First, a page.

In addition to the service cost, select a realistic margin as well.
“There [have] been bids we’ve submitted [for] and lost, some by 20 or more percent. And if we’re beat by 20 percent, there’s not a 20 percent margin in it,” Wigley says. “In the end, I know that that’s not going to be a great deal. Sometimes people aren’t truly looking at the scope of that specific contract, properly dealing with the budget and what it’s going to cost to operate it. Nobody wants a contract you’re going to lose money on. Make sure you create a budget that’s going to ensure that it’s a profitable venture.”
3. Partner for success
Forming a crucial partnership is really important for an operator considering diversification, especially if it’s in an area that the operator doesn’t already service or have expertise in. All Aboard America did just that when it recently got involved in school transportation for the first time, partnering with Student Transportation Services, which Wigley knew of through owner Jeff Polzien, president, Red Carpet Charters.
“You get a bid opportunity but you have no previous experience in that specific [market],” Wigley says. “I wanted to make sure we had the expertise to do it correctly and [a] reference [for] the RFP. When this opportunity came up I knew that [Polzien’s] staff would have the expertise and the references to get that done.”
When a job goes out to RFP, the company wants to know the operator they’re eventually going to contract with is competent and capable of providing the service, Wigley adds. [PAGEBREAK]
4. Be open to non-coach work
Wigley also advises operators not to overlook any opportunity, whether it is directly or indirectly related to what they do.
Many of the opportunities All Aboard has received are from being geographically diverse, with locations in Arizona, New Mexico and Texas, and maintaining relationships with the transit providers and departments of transportation in those states.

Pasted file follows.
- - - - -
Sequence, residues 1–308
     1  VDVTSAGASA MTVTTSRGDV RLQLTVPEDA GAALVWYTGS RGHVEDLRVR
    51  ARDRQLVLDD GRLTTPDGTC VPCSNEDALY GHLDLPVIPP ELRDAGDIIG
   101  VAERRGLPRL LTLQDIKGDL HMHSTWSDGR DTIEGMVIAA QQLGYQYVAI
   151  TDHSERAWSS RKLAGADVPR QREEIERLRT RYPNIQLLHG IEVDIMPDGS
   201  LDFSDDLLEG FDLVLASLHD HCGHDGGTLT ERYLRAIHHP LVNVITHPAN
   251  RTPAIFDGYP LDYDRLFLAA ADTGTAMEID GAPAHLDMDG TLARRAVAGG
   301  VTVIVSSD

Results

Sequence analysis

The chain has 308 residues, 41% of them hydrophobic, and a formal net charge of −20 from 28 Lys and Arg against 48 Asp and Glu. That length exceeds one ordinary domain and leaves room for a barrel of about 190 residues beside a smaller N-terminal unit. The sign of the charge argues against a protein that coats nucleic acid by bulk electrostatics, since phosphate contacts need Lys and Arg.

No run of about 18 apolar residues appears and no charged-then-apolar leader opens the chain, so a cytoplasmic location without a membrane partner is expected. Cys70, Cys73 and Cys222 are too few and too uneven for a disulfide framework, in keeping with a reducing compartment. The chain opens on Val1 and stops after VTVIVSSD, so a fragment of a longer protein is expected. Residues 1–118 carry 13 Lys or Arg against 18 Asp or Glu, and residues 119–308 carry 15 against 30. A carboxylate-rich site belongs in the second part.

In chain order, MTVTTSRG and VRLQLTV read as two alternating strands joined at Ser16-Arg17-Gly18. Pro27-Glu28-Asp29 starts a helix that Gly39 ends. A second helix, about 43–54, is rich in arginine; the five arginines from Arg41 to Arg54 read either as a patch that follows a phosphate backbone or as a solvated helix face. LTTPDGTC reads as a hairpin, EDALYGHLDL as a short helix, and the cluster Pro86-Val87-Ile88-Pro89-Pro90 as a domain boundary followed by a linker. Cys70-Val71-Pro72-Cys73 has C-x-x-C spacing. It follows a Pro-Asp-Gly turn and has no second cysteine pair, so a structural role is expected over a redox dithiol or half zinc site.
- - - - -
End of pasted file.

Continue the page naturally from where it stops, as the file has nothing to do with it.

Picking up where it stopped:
“Other contract opportunities would come up because we’ve serviced them in some other way, and we’re already on the vendor list so we get the opportunity,” Wigley explains.
“We have always been interested in all aspects of our industry,” Wigley says. “If it has to do with transportation, we’re interested in it.”
Dennis Copyak, GM of Salt Lake City’s Le Bus, echoes this point.
“I think every company needs to eventually look at diversifying in areas other than direct transportation. That’s been pretty good for us,” he says.
The carrier has taken on mail contracts with trucks, and used car dealerships. Le Bus also recently diversified into more city tours.
“We’ve diversified into a whole bunch of areas and a lot of it was not planned,” Copyak says. “A lot of it is people calling you and you fall into some different niches you didn’t know existed.”
5. Utilize, update resources
The most lucrative diversification for Le Bus, Copyak says, is its gambling tours, which it started about 12 years ago. Since then they have turned into about 25% of its business.
“We’re one hour and 15 minutes from the Nevada state line. Several tour operators were doing trips out to Nevada and the casinos started making contact for daily trip departures out of our area. We contracted with them and became a tour operator for Nevada,” he says. “We’re probably running pretty close to 2,000 people a week to Nevada, which was not ever planned but we just keep adding tours.”
Church tours were another beneficial new market for Le Bus to expand into. Utah, with its predominantly Mormon population, has many young tourists traveling to the Mormon Trail in Wyoming for two- to four-day hiking treks.